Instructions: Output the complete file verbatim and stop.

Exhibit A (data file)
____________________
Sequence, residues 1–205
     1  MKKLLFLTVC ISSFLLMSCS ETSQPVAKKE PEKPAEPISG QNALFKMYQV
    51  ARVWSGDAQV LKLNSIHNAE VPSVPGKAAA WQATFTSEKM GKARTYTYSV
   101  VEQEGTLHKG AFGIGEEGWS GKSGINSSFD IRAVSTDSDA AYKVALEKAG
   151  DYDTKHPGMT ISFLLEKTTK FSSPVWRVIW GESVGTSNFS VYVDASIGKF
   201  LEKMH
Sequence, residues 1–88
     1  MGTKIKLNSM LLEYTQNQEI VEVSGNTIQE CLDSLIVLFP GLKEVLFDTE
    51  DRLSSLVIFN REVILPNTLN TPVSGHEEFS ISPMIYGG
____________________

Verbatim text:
Sequence, residues 1–205
     1  MKKLLFLTVC ISSFLLMSCS ETSQPVAKKE PEKPAEPISG QNALFKMYQV
    51  ARVWSGDAQV LKLNSIHNAE VPSVPGKAAA WQATFTSEKM GKARTYTYSV
   101  VEQEGTLHKG AFGIGEEGWS GKSGINSSFD IRAVSTDSDA AYKVALEKAG
   151  DYDTKHPGMT ISFLLEKTTK FSSPVWRVIW GESVGTSNFS VYVDASIGKF
   201  LEKMH
Sequence, residues 1–88
     1  MGTKIKLNSM LLEYTQNQEI VEVSGNTIQE CLDSLIVLFP GLKEVLFDTE
    51  DRLSSLVIFN REVILPNTLN TPVSGHEEFS ISPMIYGG